Perspective on name options vary

Madison Dias

Wilson’s new name is up for debate. Although many stakeholders support the renaming, there are conflicting views on what the criteria for the new name should be.

Principal Kimberly Martin was one of twelve Wilson members selected to choose finalists out of the 2,000 plus suggestions. According to Martin, when the committee met, “one of the things that [they] thought about was should it be someone that has ties to DC? Did they have to be born here? Did they have to have influence here?” They “debated about a ton of criteria and so sometimes people got distanced for reasons even though sometimes another person wouldn’t get distanced for the same criteria,” Martin said. 

Students reflect an array of different sentiments; many support August Wilson. Junior Jahari Miller voted for August Wilson “because if we changed ‘Wilson,’ all of the sports would have to get new uniforms.” Junior Kenadi Burnett believes that “August Wilson is the only name that makes sense. Nothing else really comes close. [She] can’t imagine saying that [she] goes to a different school other than Wilson.” Burnett also includes that, “after reading the Beacon’s endorsement of Edna Jackson, [she] understands the option and would not mind that choice either.” After acknowledging her connection to D.C. Sophomore London Lawson chose Northwest “because it sounds tuff.”

The list also received backlash from students, “The [candidates] are terrible. We can do better,” sophomore Torrez Choice said. Junior Abigail Patrick-Dooling doesn’t support changing the name to August Wilson, her reasoning being, “if you keep the name ‘Wilson’ and replace it with a different first name, not enough is being changed.” 

Alumni too express diverse opinions. Mary Giffin, class of 1973, is an active board member of the Woodrow Wilson High School Alumni Association. According to Giffin, the association, “does not take a position,” because of their diverse opinions. In a survey taken last year, generally, members of that association that graduated prior to the 70s did not want to change the name while many members who graduated post 70s desired a name change. 

Giffin personally supports the name change. “I was most interested in Reed, Edna Jackson, and I also liked Reno City. I think Reno City would have been really cool,” Giffin said. 

Giffin explains that she was “a little bit surprised at the short list.” During a recent Woodrow Wilson High School Alumni Association board meeting, attendees “discussed the names and one of the things we all shared with each other is it was not clear how these names were arrived at. It’s unfortunate not to be transparent about what that process was.” 

Alumni Ricardo Sheler, class of 2020, claims that he did not have a “visceral reaction” to the list of candidates, recognizing that “none of us really know the legacies of these people.” He notes that “a lot of local figures who’ve done a lot of good work go unrecognized, [their nominations] are a way to acknowledge them.” 

Sheler appreciates ‘Northwest’ as a neutral name, “there is some conversation you can have about honoring people’s legacies after the fact… we never know how people will be remembered 50 years down the line.” However Sheler believes that “naming Wilson ‘Northwest’ would strip it of something.”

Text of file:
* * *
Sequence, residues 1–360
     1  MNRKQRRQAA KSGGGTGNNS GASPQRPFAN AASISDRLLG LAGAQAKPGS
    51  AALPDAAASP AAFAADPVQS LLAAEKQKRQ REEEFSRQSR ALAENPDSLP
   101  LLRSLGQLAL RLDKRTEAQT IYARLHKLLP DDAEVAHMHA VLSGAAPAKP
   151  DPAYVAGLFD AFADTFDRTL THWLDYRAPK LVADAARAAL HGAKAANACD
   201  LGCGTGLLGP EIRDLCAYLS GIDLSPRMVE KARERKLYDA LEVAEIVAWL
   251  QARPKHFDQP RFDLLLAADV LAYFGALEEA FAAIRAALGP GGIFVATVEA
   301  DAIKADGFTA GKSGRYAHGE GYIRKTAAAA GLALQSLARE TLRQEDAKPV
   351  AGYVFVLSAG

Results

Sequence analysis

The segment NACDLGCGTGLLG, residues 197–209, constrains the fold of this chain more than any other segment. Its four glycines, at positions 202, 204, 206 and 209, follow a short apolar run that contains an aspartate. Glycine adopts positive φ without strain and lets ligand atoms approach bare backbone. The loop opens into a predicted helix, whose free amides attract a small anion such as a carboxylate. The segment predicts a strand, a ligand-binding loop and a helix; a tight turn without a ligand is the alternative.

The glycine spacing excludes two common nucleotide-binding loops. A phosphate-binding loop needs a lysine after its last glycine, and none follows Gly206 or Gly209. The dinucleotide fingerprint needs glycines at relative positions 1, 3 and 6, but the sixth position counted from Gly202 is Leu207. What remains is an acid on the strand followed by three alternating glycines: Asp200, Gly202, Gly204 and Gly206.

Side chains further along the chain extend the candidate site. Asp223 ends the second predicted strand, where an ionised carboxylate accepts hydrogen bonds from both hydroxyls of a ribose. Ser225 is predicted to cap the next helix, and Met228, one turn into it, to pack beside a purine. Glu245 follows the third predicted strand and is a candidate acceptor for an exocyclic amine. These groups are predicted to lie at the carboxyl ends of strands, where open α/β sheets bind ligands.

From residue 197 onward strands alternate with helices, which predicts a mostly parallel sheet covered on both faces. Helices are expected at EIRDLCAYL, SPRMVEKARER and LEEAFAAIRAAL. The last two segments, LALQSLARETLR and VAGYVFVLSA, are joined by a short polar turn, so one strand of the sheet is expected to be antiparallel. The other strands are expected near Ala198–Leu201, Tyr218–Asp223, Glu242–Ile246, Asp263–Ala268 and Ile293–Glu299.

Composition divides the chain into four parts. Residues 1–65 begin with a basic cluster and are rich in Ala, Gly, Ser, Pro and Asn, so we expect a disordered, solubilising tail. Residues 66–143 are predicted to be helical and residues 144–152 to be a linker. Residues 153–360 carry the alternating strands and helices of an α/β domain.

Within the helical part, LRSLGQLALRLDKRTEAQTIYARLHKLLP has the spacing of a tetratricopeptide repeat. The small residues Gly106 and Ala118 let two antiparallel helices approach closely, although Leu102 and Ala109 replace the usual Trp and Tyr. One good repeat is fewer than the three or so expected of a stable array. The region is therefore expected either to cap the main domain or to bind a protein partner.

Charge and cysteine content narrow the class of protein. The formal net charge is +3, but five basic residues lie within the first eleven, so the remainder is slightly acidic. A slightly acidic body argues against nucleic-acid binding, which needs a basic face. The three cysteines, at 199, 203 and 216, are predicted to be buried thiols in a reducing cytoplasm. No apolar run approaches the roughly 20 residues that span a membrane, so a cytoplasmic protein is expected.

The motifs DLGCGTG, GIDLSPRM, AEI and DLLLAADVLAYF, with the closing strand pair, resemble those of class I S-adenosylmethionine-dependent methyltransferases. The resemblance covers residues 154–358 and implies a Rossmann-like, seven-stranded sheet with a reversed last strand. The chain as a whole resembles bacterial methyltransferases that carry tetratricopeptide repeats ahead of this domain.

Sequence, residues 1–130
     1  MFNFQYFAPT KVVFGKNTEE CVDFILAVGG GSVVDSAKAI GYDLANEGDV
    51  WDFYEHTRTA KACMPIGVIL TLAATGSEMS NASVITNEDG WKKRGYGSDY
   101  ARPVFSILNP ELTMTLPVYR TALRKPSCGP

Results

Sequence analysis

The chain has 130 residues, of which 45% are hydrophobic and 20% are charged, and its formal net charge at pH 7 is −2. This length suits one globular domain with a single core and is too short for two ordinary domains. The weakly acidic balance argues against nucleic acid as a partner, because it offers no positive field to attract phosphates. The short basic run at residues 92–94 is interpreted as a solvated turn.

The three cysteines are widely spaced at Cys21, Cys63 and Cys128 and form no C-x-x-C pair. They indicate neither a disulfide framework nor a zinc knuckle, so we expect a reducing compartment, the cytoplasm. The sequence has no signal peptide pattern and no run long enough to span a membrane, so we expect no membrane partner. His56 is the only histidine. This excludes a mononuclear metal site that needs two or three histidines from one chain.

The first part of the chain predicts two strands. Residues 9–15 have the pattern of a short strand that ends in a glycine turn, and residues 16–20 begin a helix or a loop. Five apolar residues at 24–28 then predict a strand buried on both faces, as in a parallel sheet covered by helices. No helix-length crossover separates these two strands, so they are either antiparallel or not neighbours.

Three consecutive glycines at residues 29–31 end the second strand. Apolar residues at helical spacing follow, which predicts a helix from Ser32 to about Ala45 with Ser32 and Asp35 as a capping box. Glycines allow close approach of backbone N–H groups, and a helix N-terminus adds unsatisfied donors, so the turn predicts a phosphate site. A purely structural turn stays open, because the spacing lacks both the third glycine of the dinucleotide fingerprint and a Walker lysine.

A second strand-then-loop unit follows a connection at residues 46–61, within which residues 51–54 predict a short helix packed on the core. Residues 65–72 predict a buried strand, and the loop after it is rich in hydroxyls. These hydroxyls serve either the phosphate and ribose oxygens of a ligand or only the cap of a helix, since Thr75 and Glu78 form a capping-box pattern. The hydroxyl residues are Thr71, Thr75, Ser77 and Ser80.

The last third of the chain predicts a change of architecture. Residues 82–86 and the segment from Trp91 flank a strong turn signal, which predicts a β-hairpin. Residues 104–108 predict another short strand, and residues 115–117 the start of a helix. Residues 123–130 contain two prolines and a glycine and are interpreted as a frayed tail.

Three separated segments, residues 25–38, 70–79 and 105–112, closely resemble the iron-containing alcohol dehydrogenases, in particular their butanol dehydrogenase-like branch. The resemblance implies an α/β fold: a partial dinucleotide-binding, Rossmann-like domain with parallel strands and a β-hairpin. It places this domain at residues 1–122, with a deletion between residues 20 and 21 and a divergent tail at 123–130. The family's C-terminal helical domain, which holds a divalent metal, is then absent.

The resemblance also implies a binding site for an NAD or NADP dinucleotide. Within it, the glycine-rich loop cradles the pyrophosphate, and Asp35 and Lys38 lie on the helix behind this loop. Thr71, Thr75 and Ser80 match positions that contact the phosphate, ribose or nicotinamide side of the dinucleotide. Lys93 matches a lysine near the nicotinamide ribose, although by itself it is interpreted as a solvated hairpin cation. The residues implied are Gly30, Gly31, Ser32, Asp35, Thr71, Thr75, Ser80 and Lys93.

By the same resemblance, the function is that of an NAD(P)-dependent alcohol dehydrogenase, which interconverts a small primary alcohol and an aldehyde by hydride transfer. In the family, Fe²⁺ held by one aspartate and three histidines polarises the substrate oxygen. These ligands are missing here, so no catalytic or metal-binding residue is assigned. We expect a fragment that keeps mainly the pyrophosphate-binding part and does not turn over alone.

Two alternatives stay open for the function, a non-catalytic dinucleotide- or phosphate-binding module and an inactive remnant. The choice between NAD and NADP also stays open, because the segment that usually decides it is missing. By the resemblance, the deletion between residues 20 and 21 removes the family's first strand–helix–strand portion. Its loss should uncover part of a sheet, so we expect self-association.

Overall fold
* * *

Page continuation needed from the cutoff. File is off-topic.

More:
“For the name, I was thinking what will kind of make the school feel the same with a different context,” Sheler said. He acknowledges that the “culture of the people in the school” have been divorced from Woodrow Wilson’s ideologies and therefore believes it would be easy to switch the context of his name. Although August Wilson has no direct ties to DCPS, Sheler believes that recognition of him and his contributions to the arts and academia is an important part of Wilson.

Additionally, “naming the school after him instead would be a way to have continuity for the school [especially for alumni],” said Sheler. 

Judith Ingram, current Wilson parent, neighbor of Wilson High School, and cofounder of the DC History and Justice Collective shares her input on the process: “[It] has been a little bit uneven. One of the disappointments from our part was that as far as I know there weren’t any historians on this committee that was created… it seemed to be a committee that was thrown together with representatives of different stakeholders.”

“My own candidate is a hyphenated name,” Ingram said. It would be a combination of Edna Jackson and Vincent Reed. “However, the committee said the hyphen is too confusing so they rejected that name for the school. [My first choice] would be Edna Jackson [who] had an extraordinary career as an educator. My second would be Reed who broke a lot of barriers,” Ingram said. “The combination of two educators who stand for everything DCPS should want in a leader and educators who themselves put students first, it’s a strong message. I think either Edna Jackson or Vincent Reed would be a wonderful name.”

Social Studies teacher Robert Geremia also endorses Edna B. Jackson, “I would like to see our school named for a Black woman. Black women and their contributions to our government, our society, and our culture are shamefully overlooked and this needs to change now. As a teacher, I would like to honor Edna B. Jackson because she was the first Black teacher at Wilson.” According to Martin, the committee was “literally intentional about having a woman of color on the list.”

 Geremia does not believe that August Wilson or Northwest are great options, “There are several high schools located in Northwest DC… it should be specific to this neighborhood.” He also recognizes that August Wilson has no connection to Washington, DC. Overall, Geremia believes that, “Most of the names embody the ideals we hope to teach our students: democracy and anti-racism.”

With public input closed, it is now up to Mayor Muriel Bowser and Chancellor Lewis Ferebee to select the new name by the end of 2020.